But just down the road at Newton Aycliffe, the Government is not prepared to help Hitachi get orders for rolling stock which is now to be built in Austria. Hitachi’s failure to win these orders puts the future of the Aycliffe plant at risk.

BK Fiske, Darlington


I RECEIVED my statement as to where my taxes were spent in 2017/8 from HMRC the other day.

A grand total of £52 was my “contribution to the EU budget” – £1 a week. However nearly nine times that (£450) was used to pay interest – just the interest – on the national debt.

We get an awful lot for that £52 a year as we are now finding out. To put it in perspective, my contribution to the NHS was £1,300 and “street lighting” £120.

On March 29 we will find out what the true cost of leaving the EU is and it is the young people of this country who will be paying for it – they won’t thank us or our MPs for it.

Philip Knowles, chair, Richmondshire Liberal Democrats


ON January 31, a colleague and I attended a full council meeting at Darlington Town Hall, with contributions (and questions) relevant to water fluoridation. We turned out on a freezing night, but we were not allowed to speak due to a breach of protocol, essentially an addressing error – it was mine, and it will not happen again.

One question related to a 2007 paper showing that silico-fluorides used to fluoridate water around the world (and ten per cent of England’s drinking water) can produce chemicals which may disrupt normal nerve function, and could also explain the mechanism of disfiguring dental fluorosis. Do not believe the mantra that this condition is “cosmetic”. Do the research – join the fight.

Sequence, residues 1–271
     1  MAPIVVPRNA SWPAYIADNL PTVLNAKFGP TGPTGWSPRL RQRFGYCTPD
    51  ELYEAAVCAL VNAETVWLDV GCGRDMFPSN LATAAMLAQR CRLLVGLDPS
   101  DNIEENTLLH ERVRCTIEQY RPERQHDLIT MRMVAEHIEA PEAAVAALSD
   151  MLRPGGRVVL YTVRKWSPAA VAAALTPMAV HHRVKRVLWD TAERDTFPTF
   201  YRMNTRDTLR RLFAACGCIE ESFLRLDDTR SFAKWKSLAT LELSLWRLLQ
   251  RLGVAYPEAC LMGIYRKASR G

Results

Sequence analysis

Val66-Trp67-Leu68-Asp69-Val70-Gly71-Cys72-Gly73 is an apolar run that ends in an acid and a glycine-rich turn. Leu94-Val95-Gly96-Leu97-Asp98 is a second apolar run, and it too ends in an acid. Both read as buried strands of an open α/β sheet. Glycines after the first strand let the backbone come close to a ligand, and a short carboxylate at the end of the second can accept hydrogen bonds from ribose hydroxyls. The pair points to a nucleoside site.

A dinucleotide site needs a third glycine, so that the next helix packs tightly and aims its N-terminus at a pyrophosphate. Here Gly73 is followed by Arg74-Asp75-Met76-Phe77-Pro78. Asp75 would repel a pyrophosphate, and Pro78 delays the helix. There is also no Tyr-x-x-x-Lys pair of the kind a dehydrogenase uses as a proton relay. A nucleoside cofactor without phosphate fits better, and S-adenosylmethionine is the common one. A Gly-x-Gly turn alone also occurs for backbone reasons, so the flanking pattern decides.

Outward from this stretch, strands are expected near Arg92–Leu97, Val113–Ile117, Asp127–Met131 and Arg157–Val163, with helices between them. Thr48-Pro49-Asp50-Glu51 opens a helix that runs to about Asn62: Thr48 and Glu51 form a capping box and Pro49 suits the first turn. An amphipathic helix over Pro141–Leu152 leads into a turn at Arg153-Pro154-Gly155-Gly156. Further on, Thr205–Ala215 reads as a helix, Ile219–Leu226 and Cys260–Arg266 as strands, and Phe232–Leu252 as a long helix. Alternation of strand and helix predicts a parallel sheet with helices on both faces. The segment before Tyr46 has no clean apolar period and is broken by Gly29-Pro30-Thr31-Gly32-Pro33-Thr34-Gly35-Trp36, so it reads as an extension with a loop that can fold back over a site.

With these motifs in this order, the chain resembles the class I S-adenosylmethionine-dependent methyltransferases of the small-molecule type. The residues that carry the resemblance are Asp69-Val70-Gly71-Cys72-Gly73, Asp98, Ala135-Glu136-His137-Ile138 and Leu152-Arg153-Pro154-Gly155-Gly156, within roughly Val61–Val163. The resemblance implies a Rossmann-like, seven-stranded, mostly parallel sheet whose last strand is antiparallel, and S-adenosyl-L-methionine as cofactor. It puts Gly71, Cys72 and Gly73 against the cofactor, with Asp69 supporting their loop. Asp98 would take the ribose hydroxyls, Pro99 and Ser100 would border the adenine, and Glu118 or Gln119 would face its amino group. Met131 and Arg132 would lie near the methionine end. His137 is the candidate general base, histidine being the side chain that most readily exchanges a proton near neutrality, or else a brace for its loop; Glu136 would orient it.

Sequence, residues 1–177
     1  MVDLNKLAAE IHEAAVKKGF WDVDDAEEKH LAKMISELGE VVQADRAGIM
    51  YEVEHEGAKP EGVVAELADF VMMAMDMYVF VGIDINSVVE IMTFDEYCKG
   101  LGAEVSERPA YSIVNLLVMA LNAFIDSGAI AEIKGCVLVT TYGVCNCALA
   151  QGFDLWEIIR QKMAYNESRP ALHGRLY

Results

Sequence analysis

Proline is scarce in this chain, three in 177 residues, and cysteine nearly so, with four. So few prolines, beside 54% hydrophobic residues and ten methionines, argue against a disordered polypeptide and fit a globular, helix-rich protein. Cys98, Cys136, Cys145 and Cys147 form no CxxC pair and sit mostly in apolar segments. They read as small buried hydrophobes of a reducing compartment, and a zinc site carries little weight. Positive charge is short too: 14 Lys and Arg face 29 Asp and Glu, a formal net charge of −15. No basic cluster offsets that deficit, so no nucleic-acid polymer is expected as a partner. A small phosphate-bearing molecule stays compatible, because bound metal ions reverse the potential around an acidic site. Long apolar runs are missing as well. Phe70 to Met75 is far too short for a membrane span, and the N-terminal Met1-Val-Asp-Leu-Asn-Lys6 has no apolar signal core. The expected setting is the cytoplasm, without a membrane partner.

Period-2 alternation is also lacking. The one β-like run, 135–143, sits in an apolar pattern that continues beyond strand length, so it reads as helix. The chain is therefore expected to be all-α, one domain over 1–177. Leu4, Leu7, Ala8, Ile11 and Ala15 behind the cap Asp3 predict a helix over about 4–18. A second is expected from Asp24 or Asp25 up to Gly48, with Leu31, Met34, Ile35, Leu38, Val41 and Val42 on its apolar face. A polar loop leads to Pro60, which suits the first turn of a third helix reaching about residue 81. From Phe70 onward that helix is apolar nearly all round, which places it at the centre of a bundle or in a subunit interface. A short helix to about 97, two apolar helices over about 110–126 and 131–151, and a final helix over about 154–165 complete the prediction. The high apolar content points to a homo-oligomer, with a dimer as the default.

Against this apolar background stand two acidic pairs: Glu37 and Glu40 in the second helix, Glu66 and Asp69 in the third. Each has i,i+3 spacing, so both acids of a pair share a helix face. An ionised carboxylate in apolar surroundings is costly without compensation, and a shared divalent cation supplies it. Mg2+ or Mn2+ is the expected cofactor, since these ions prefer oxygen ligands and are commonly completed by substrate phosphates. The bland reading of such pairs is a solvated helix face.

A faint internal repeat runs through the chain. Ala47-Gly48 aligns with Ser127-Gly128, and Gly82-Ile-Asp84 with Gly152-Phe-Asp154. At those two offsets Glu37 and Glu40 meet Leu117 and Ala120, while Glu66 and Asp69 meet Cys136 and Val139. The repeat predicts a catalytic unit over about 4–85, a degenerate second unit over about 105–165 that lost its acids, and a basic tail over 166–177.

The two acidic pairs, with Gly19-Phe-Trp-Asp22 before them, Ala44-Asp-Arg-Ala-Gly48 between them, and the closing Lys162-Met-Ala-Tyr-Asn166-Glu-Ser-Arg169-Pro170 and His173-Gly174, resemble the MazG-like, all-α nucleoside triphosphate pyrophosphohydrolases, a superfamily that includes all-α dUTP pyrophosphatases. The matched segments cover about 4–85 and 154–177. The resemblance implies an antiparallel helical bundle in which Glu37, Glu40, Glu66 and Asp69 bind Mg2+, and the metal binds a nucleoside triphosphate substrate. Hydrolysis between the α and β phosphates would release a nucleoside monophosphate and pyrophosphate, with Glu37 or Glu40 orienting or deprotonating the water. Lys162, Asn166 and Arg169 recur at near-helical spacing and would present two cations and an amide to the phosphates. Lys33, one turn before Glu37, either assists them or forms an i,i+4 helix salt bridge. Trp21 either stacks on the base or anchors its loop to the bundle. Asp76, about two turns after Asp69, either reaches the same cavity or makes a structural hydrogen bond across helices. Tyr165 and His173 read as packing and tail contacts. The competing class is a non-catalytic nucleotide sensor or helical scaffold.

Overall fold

The other question related to new data which indicates the incidence of tooth decay in five-year-old Darlington children has declined by 25.4 per cent very recently, while tooth decay in children in the fluoridated West Midlands increased by 9.8 per cent in the same period.

The North-East as a whole now has a seven per cent lower incidence of decay than the West Midlands, and most of the children examined in our region were drinking water without fluoride.

The message to our kids, parents and teachers is “well done – whatever you are doing, keep it up”.

But you should know that mass-medication is on the horizon.

M Watson, Darlington


I AM not a great supporter of either rugby of football but will watch the odd match or two to pass the time.

On Sunday, with nothing better to do, I watched the England versus France rugby match.

Throughout the whole of the game many hard and rough challenges were made by both sides, video playback was called for on a few occasions to clarify a few points and every word made by the referee talking or advising players was openly broadcast for everyone to hear.

Not once did I hear a player backchat or use foul language to challenge the referee’s decision.

It is high time that this stance was made in our football matches, where every word by both referee and player is broadcast for everyone to hear, and fines issued to the minority of foul mouthed, tantrum-prone players.

On a final, sarcastic note, the score was England 44 France 8 – we are a nation not to be messed with (Brexit!).

Ray Vincent, Darlington

Nothing on

THE BBC want to scrap the free TV licence for over 75s. I don’t know why we pay a licence fee at all with all the drivel that’s on, Christmas was a waste of time. The only outstanding programme being Call the Midwife.

On a Saturday night all that’s on are repeats and a crackpot of a show The Greatest Dancer. Now at prime time there is MasterChef. Just how many cookery programmes do we need? There is only so much you can do with food.

The next one will be Celebrity MasterChef. It’s all about cooking and reality shows.

I’m sure someone must have a bit of imagination and revamp some of the old drama shows that used to be worth watching.

John Brant, Darlington